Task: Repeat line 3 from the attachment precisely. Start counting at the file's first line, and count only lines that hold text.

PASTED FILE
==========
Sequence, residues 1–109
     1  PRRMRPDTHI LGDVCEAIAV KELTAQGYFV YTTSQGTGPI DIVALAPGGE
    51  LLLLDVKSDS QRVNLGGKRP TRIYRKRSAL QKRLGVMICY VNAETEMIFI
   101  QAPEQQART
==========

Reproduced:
    51  LLLLDVKSDS QRVNLGGKRP TRIYRKRSAL QKRLGVMICY VNAETEMIFI